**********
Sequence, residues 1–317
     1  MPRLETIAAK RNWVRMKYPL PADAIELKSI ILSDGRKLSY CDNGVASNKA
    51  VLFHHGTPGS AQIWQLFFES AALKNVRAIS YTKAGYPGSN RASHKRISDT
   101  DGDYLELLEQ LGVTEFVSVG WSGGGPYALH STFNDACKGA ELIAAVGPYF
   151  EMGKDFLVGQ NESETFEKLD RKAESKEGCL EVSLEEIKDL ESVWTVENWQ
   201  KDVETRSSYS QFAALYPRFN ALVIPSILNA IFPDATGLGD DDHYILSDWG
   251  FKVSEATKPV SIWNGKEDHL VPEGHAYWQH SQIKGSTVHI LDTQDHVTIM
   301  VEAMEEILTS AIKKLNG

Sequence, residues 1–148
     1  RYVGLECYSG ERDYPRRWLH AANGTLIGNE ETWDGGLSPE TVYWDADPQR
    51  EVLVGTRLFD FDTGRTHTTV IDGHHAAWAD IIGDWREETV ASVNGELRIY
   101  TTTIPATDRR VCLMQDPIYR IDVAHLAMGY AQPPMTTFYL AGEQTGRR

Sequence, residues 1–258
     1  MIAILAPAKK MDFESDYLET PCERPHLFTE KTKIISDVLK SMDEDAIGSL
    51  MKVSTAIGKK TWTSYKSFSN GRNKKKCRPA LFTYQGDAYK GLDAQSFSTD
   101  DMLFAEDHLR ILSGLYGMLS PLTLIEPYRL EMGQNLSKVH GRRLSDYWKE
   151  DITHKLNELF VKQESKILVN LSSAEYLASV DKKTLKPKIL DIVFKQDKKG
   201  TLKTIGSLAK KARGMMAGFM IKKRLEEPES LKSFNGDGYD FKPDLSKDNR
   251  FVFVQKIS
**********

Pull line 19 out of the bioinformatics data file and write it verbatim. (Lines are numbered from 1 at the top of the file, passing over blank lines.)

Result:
   251  FVFVQKIS